Secretary of State John Kerry has asked his inspector general to review the way department employees archive their emails, and to recommend ways to improve the current system.
Kerry's request was made after several weeks of controversy involving Hillary Clinton's use of personal email for work while she was secretary. Clinton admitted to using her own email and her own server, but said she was in the clear when it came to documenting her emails because she cc'ed people with a state.gov email address.
But the State Department later explained that when Clinton was in office, it was up to every employee to archive their own emails, and that nothing was automatically archived. That means Clinton's effort to email people with state.gov emails, if in fact she made that effort, didn't guarantee that those records would be preserved.
It was also reported that some of Clinton's top aides also used personal email, making it very difficult to determine what information might still be out there.
Kerry's Wednesday request for a review by the Office of Inspector General is partly aimed at figuring out exactly what officials are doing to archive their emails, and to find ways to improve the system.
"Secretary Kerry sent a letter to State Department Inspector General Steve Linick requesting that he undertake a review of our efforts to date on improving records management, including the archiving of emails, as well as responding to FOIA and congressional inquiries," said State press officer Jeff Rathke. "Secretary Kerry also asked that the IG make recommendations on how to improve our systems."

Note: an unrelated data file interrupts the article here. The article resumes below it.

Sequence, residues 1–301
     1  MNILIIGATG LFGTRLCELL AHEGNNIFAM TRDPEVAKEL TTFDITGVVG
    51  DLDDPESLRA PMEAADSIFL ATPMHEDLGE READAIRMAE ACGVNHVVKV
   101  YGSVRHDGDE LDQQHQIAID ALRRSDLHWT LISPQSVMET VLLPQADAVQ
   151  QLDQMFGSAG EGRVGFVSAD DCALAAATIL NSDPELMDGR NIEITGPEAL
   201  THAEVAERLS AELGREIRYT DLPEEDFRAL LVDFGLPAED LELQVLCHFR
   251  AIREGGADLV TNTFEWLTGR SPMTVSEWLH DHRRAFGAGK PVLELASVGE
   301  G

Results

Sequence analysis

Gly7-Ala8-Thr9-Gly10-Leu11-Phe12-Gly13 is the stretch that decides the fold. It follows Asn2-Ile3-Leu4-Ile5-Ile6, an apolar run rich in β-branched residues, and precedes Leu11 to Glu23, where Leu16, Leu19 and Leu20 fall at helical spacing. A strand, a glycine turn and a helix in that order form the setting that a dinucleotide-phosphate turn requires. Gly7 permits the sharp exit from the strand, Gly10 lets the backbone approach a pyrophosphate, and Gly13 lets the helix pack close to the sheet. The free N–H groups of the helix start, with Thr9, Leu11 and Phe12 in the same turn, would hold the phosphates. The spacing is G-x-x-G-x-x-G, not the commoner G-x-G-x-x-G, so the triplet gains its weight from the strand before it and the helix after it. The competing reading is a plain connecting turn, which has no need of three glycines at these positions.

"The secretary is committed to preserving a complete record of American foreign policy," he added. "Doing so is required but it is also good government."
Rathke said Kerry wrote that State must ensure it works to "adapt our systems and policies to keep pace with changes in technology and the way our personnel work."
Kerry also asked the Office of Inspector General to review the way State responds to document searches from Congress and the public.
"This is an important step in improving how we communicate at the department, and in ensuring that we are preserving records and we are committed to following through on this process," Rathke said.
Details of Clinton's emails emerged through the work of the House Select Committee on Benghazi, which is still seeking information from Clinton about her reaction to the 2012 attack in Libya that left four Americans dead. The committee, chaired by Rep. Trey Gowdy (R-S.C.), has said it now wants Clinton to testify twice — once about her email policy, and a second time to ask questions about Benghazi.